Leading international experts, including i.a. our distinguished Bill of Health colleagues Glenn Cohen, Aaron Kesselheim; Nicholson Price, and Kevin Outterson, will discuss legal, economic, societal and scientific aspects of selected Life Science areas.

Time: Monday, 5 March 2018 09:00 – 18:00 (followed by a reception in the Gobelin Hall)

Venue: The Ceremonial Hall (Festsalen), University of Copenhagen, Main Building, Frue Plads 4, DK-1168 Copenhagen K

More information on  speakers, agenda and registration is available here and here.

Extended background:

Biomedical innovation is experiencing changes of epic proportions. Rapid progress in many scientific areas, such as gene editing, pharmacogenomics, artificial intelligence and big data-driven precision medicine, has greatly advanced the promises and opportunities of the health and life sciences. Nevertheless, the total number of truly new and innovative drugs receiving market approval is unsatisfactory. At the same time, some of the more innovative therapies that actually could reach patients have become extremely expensive or ethically problematic. These new technological possibilities raise many complex scientific, legal and ethical issues affecting many stakeholders, such as medical practitioners, regulators, patients and the industry.

To support the in depth study of these developments, the Novo Nordisk Foundation has awarded a grant of DKK 35 million for a new Collaborative Research Programme in Biomedical Innovation Law (CeBIL). CeBIL’s overall aim is to help translate ground-breaking biomedical research into affordable and accessible therapies by scrutinizing the most significant legal challenges to biomedical innovation and public health from a holistic cross-disciplinary perspective. CeBIL is hosted by a new Centre for Advanced Studies at the University of Copenhagen’s Faculty of Law. The research is carried out within a unique network of international core partners, including internationally renowned experts at Harvard Law School, Harvard Medical School, University of Cambridge, University of Michigan, and UCPH’s Department of Food and Resource Economics (IFRO). Moreover, CeBIL will collaborate with a broad network of stakeholder organizations and international experts within law, economics, life science, medicine, sociology and pharmacy.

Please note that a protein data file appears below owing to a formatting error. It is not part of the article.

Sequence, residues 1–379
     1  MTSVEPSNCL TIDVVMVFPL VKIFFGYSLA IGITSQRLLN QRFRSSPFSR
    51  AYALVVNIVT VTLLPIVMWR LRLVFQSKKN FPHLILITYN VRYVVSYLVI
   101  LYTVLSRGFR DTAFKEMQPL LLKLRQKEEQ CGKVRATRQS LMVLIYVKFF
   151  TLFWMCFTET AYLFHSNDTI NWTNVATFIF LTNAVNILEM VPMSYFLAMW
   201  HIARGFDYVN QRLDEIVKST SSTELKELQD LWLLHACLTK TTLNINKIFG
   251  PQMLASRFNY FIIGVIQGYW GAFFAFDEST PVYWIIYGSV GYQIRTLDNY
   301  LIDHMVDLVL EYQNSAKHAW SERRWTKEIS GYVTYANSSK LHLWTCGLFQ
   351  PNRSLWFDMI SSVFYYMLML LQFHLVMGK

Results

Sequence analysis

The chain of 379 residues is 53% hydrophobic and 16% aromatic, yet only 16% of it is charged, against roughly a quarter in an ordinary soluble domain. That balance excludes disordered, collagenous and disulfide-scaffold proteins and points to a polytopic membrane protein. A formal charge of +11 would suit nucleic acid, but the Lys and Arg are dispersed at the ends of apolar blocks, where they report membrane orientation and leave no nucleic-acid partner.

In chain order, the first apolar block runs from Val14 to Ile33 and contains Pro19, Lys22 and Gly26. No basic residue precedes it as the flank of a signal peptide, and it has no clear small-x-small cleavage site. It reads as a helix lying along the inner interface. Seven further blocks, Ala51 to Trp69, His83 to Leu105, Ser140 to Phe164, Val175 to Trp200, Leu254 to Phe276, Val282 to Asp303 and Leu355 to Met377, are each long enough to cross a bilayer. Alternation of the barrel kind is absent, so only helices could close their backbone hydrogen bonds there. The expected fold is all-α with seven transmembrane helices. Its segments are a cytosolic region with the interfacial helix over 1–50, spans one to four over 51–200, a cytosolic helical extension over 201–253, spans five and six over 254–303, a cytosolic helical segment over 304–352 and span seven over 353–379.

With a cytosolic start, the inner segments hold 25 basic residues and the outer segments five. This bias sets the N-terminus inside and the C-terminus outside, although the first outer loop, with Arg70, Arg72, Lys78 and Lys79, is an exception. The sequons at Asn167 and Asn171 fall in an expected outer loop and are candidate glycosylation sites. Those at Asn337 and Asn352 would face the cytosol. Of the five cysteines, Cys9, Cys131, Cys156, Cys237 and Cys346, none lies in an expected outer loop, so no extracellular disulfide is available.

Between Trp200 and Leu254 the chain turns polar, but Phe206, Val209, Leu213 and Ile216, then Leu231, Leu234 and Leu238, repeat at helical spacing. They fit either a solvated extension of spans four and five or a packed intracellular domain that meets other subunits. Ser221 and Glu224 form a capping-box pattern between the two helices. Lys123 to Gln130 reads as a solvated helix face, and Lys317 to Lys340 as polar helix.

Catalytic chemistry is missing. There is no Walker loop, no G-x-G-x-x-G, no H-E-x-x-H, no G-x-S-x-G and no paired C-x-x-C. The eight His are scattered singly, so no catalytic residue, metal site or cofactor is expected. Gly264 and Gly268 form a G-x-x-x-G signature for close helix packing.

This Kick-Off Conference marks the start of CeBIL which opened its’ doors on January 1st, 2018. Reflecting the research projects that will be at the focus CeBIL’s research during the first 5 years, leading international experts will discuss legal, economic, societal and scientific aspects of selected life science areas and debate future challenges and opportunities.

 

.

 

Patenting Bioprinting Technologies in the US and Europe – The Fifth Element in the Third Dimension

By Timo Minssen

I am happy to announce the publication of our new working paper on  “Patenting Bioprinting Technologies in the US and Europe – The 5th element in the 3rd dimension.” The paper, which has  been co-authored by Marc Mimler, starts out by describing the state of the art and by examining what sorts of bioprinting inventions are currently being patented. Based on our findings we then discuss what types of future innovations we can expect from the technological development and how far these would and/or should be protectable under European and US patent laws.

The paper is forthcoming in: RM Ballardini, M Norrgård & J Partanen (red), 3D printing, Intellectual Property and Innovation – Insights from Law and Technology. Wolters Kluwer, but the working paper is already available on SSRN. Read More